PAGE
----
top of page

GHV Special Announcement

December 16, 2022 – Glenda’s House of Violets

As a responsible commercial vendor, it saddens me to report that my plant inventory has been impacted by the recent significant and widespread uptick in reported cases of Impatiens Necrotic Spot Virus (INSV) in the African violet & gesneriad growing communities.

As part of my regular Integrated Pest Management (IPM) program, I do regular, periodic testing as well as regular treatments for pathogens and pests. The Texas Department of Agriculture also regularly inspects my facilities for compliance with Texas Agriculture laws and regulations.

My collection during this recent IPM cycle was about 400+ plants. Last week I had 9 plants out of about 300 in quarantine tested positive for INSV. To intervene in any further spread of this nasty virus, everything in quarantine was destroyed and properly disposed. My remaining plant inventory has tested negative and is now under close observation with regular inspection, testing, and voluntary quarantine to be absolutely certain no virus remains. On the bright side, my facility is sparkling clean and ready to roll again once my voluntary quarantine is lifted.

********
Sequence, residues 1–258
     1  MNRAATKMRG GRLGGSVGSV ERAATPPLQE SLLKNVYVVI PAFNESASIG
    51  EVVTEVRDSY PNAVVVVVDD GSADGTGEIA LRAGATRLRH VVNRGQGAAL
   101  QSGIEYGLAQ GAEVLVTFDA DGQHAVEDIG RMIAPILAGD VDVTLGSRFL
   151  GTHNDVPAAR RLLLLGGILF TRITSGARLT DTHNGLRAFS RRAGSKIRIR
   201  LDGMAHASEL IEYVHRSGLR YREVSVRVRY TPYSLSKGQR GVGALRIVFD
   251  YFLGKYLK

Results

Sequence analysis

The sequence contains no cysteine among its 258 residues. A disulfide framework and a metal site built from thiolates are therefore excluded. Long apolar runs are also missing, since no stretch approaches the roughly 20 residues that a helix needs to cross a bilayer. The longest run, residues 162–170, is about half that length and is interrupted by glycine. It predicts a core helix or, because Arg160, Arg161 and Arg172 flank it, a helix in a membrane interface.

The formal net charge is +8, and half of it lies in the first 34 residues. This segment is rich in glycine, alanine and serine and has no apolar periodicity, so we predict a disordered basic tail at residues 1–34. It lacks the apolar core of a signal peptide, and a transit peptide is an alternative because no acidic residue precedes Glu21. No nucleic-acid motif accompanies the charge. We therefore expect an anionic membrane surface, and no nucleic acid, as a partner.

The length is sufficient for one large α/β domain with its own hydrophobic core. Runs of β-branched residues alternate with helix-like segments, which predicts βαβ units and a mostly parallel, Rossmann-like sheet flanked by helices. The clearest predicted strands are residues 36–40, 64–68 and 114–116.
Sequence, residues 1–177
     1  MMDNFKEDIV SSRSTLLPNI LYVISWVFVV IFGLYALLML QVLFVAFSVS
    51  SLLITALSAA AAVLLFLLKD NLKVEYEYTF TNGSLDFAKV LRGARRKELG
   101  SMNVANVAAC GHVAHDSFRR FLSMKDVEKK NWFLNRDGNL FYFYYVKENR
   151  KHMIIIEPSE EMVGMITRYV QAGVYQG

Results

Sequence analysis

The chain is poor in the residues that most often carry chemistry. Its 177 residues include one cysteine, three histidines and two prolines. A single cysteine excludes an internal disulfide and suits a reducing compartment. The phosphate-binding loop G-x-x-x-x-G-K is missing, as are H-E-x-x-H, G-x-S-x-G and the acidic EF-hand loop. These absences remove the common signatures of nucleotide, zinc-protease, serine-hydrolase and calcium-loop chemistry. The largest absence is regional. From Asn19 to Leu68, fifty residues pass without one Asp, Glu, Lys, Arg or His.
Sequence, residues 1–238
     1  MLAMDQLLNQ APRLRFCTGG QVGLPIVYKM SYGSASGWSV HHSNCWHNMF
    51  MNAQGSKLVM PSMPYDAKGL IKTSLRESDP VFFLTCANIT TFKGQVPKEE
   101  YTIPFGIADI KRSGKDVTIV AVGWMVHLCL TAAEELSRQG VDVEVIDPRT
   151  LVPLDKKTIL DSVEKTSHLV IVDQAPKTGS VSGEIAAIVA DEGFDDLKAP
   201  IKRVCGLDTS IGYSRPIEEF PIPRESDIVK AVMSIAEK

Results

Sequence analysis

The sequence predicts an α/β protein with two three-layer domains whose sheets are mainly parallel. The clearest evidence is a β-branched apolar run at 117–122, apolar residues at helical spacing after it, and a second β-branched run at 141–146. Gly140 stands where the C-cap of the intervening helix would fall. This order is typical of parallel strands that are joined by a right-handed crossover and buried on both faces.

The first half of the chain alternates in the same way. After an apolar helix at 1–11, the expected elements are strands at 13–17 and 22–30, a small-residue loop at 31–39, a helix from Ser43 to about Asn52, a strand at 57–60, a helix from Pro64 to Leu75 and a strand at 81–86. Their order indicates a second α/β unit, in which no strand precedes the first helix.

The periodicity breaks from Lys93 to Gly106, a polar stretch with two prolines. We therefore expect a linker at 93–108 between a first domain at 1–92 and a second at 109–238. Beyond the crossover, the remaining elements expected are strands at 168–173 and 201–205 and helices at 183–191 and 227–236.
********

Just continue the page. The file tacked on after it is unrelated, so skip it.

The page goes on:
If you purchased plants from my sales tables during the 2022 AVSA convention in Little Rock and the 2022 LSAVC convention in Houston, please be aware that some of them may have been exposed to INSV-positive plants.

What To Do If You Suspect INSV

  • The AVSA website has graciously placed links to INSV information as part of their public outreach and educational function

  • Your state agriculture labs may provide testing. See your county agriculture agent for details.

  • The National Plant Diagnostic Network is an excellent resource for finding a plant diagnostic lab near you. NPDN Main Website.

  • Suspicious plant materials can be tested using INSV test kits purchased from reputable companies such as Agdia, Inc.

  • Always remember in situations like this, the trash can is your best friend.

Routine Precautions I

encourage taking all precautions to protect your collections, especially implementation of more intense IPM strategies. IPM includes treatment with insecticides, pesticides, etc. as well as quarantine, testing, and monitoring of your collections.

Situations like this can happen to anyone, even those who practice stringent IPM strategies. Please educate yourselves on not only INSV, but other pathogens and pests. Being better informed allows you to make decisions about what is the best course of action should you find that you too, were also affected. By working together as a growing community, we can rise up to get this virus back under control.


Single post: Blog_Single_Post_Widget
bottom of page